Still, I believe in debate and would love to find someone — or many people — who will defend wellness. If no one will defend it, then all wellness programs should end forthwith, right?
More broadly, you will see ITL increasingly zero in on big topics and try to help our thought leaders drive change. You will see multiple authors weighing in often on important topics and see us encourage debate. We don’t believe in the kind of debate that generates more heat than light—we didn’t like Jerry Springer even when he was mayor of Cincinnati — but we think we can provide a platform that will generate real insight while everyone stays seated on their chairs, rather than throwing them at one another.
Given my background in writing about information technology and the strategic challenges and opportunities it has been creating for more than two decades, you will see more calls to action like this recent one: 2014: The Future is Coming at You Faster than You Think. You will also see more pieces warning of the prospects of competition from nontraditional sources such as Amazon or Google. And you’ll get lots of advice, of course, on how to be prepared, such as is in my recent book: The New Killer Apps: How Large Companies Can Out-Innovate Start-Ups.
You’ll see us focus even more on ways to cut healthcare costs and to bring more order to the world of workers’ comp. We’ll dive deep into the issues of cyber liability. And we’ll count on our thought leaders to point us to little-noticed but important problems such as the one with Medicare Set Asides that Bob Wilson recently brought to our attention.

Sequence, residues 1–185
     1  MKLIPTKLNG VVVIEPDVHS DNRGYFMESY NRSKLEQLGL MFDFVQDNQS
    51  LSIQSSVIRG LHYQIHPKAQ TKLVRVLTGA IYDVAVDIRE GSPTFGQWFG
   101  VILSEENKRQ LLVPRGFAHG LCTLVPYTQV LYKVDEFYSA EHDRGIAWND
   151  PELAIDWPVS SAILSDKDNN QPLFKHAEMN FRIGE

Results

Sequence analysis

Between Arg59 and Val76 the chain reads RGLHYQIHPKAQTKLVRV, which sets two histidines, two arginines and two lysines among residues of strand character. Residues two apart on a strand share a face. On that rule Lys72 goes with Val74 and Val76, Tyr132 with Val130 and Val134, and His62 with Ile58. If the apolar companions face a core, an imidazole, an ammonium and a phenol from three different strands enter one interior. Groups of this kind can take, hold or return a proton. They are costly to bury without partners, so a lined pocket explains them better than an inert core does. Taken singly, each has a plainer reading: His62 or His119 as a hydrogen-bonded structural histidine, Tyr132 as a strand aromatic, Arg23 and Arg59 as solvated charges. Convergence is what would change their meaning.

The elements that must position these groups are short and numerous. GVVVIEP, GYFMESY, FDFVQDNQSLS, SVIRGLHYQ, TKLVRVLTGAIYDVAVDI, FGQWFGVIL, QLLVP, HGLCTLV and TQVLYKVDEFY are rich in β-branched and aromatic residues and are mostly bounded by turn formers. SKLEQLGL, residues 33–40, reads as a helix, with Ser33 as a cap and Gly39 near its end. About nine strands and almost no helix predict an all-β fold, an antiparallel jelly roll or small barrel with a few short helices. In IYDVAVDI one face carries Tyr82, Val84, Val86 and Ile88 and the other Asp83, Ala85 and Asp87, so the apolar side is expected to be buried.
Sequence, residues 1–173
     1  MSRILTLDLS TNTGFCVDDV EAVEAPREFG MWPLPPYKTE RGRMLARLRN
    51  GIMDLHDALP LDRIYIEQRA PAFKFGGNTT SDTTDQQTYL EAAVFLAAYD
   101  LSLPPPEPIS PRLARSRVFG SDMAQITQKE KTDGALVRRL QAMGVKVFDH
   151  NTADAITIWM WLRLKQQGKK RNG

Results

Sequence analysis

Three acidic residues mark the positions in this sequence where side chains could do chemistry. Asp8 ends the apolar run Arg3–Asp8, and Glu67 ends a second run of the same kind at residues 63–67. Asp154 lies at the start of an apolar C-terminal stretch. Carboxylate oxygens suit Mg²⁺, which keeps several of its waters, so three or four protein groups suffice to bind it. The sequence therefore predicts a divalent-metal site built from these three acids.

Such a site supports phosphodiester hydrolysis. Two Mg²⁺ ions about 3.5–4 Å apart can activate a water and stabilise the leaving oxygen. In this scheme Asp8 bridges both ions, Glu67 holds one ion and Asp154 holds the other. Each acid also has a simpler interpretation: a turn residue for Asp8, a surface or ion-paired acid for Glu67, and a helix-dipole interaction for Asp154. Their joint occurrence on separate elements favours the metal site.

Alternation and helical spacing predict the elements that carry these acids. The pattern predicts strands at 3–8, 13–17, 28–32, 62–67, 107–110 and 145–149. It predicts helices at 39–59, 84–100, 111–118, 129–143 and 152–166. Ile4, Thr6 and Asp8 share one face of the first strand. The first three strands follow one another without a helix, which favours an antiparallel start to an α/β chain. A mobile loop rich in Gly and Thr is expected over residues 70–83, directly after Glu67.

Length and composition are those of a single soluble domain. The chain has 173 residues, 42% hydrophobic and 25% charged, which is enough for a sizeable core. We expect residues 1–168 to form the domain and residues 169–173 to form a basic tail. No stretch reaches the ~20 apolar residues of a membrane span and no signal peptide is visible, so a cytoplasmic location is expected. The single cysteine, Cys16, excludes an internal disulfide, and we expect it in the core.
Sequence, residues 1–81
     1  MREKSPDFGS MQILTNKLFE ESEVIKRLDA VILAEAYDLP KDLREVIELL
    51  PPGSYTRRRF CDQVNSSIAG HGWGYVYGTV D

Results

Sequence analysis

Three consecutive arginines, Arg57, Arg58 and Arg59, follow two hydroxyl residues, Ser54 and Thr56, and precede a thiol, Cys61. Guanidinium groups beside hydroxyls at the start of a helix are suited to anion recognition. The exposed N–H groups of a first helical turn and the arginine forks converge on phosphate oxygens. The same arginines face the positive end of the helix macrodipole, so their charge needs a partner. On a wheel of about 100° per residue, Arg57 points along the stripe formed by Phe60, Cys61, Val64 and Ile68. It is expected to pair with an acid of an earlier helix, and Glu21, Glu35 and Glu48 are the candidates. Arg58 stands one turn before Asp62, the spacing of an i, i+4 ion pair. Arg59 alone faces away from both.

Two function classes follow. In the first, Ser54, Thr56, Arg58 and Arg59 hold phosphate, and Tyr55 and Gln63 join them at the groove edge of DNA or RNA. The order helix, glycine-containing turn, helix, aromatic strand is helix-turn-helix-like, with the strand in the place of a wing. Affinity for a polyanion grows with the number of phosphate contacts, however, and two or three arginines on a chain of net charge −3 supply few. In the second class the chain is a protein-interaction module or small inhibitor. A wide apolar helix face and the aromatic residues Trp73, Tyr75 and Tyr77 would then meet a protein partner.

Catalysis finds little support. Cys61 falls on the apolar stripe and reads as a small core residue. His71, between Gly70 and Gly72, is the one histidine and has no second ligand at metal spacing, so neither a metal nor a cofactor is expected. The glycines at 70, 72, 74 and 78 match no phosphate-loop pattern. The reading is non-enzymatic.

As always, welcome to the conversation.
Paul Carroll is the Chief Executive Officer and Editor of Insurance Thought Leadership. Paul spent 17 years at the Wall Street Journal as an editor and reporter getting about as broad an exposure to the world of business and to senior executives as the paper could provide. The paper nominated him twice for Pulitzer Prizes. He was a finalist once. If you would like to contact Paul, please send him an email.
The ITL leadership team brings together a powerful mix of insurance-industry expertise, experience in publishing, and world-class editors, writers and marketers. And, of course, there’s you—the thought leaders whose ideas will shape the future of insurance and the readers who will implement many of those ideas.
There is a saying we subscribe to: “Nobody is as smart as everybody.” So, rather than have a staff of people try to report on all important developments in all parts of the complex world of insurance, we have created a platform where the smartest people can share their best ideas. Together, we will be smarter than any one expert or publication can be.
The short answer is: Because we can. The Internet and, in particular, social media have created ways of sharing ideas and communicating that weren’t possible back in the dark ages—think the early 1990s. And we all know that insurance needs help: The complexity is stunning. So, any way that we can simplify and streamline insurance will produce huge benefits.